Shah, Sonia. Pandemic: Tracking Contagions, from Cholera to Ebola and Beyond. Sarah Crichton: Farrar. Feb. 2016. 288p. ISBN 9780374122881. $26; ebk. ISBN 9780374708740. SCI
pandemic.jpg51616In The Fireman, Hill nods to the breakdown of society and early stages of the planet’s doom. In this nonfiction account, Shah looks back to history, specifically the age of cholera, to observe what happened when humans were dying in great numbers across the globe. She follows cholera from its 19th-century emergence in the South Asian waters of Bangladesh through the world’s major cities, where millions perished, to its most current reemergence in contemporary Haiti. Woven into that background are tales of other killers, such as SARS (severe acute respiratory syndrome), MRSA (methicillin-resistant staphylococcus aureus), and the West Nile virus, as Shah pens chapter by chapter the evolution of disease, from the bloom of infection until its end. She further traces how human societies respond to pandemic breakouts, for it is their actions that determine those who die and those who live. An excellent choice for Fireman enthusiasts who finish the novel wondering what could have been.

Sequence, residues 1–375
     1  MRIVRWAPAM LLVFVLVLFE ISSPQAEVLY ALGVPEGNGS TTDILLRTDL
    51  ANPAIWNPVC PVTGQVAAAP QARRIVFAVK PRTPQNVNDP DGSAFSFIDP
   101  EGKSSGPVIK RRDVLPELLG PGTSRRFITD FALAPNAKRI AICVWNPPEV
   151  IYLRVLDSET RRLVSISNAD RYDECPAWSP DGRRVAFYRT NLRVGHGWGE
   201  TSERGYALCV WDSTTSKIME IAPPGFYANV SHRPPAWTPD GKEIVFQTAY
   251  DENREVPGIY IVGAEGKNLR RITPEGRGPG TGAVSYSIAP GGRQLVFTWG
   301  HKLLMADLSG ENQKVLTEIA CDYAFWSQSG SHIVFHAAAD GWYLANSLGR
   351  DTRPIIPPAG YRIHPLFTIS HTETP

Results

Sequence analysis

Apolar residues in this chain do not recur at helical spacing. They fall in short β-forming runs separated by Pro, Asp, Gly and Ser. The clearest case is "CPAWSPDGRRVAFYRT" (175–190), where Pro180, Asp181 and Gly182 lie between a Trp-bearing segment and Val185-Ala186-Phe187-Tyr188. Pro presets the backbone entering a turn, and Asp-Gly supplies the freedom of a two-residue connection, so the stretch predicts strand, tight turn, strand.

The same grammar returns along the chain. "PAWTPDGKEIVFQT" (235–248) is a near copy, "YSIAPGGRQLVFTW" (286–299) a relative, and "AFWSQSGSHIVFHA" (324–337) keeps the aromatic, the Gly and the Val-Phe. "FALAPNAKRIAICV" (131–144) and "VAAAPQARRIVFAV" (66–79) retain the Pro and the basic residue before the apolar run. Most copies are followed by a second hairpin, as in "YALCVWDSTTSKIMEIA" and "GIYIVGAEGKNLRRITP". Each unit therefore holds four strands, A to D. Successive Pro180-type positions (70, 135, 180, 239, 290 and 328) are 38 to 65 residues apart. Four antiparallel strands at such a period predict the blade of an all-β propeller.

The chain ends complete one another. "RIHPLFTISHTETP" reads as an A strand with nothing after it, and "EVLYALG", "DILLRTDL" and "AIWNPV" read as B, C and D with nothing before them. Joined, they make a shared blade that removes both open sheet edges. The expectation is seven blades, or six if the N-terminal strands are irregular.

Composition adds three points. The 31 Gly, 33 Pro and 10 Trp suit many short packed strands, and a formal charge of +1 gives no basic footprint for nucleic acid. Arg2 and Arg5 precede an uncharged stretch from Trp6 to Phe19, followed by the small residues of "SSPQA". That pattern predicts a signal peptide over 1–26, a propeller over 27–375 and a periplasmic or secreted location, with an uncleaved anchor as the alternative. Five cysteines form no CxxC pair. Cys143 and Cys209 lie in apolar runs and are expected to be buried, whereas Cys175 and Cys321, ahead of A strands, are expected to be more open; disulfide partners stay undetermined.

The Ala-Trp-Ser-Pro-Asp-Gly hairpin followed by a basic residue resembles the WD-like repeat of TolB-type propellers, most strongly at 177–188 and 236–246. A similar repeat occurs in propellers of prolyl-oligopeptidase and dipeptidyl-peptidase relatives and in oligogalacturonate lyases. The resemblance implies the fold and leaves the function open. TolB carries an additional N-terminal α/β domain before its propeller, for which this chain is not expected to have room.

Listen-Arounds:

Brooks, Max. World War Z. Books on Tape. 10 CDs. 12.05 hrs. 2013. ISBN 9780449807897. $40. SF/FANTASY
worldwarZ.jpg51616Brooks’s reconception of the global zombie wars, narrated by a large-scale cast, has won multiple audiobook awards and well-deserved honors for its wonderfully achieved effects of story, characterization, and tone. Structured around interviews and testimony from the survivors, Brooks’s oral history examines the state of the world a decade after the zombie horde, millions upon millions strong, was finally pushed back. Sections also cover World War Z itself. The retrospective documentary frame of the story grounds listeners in the moment while producing a sorrowful take on the near annihilation of humanity. This audio version is simply stellar, presenting an atmosphere that is at once creepy and absorbing.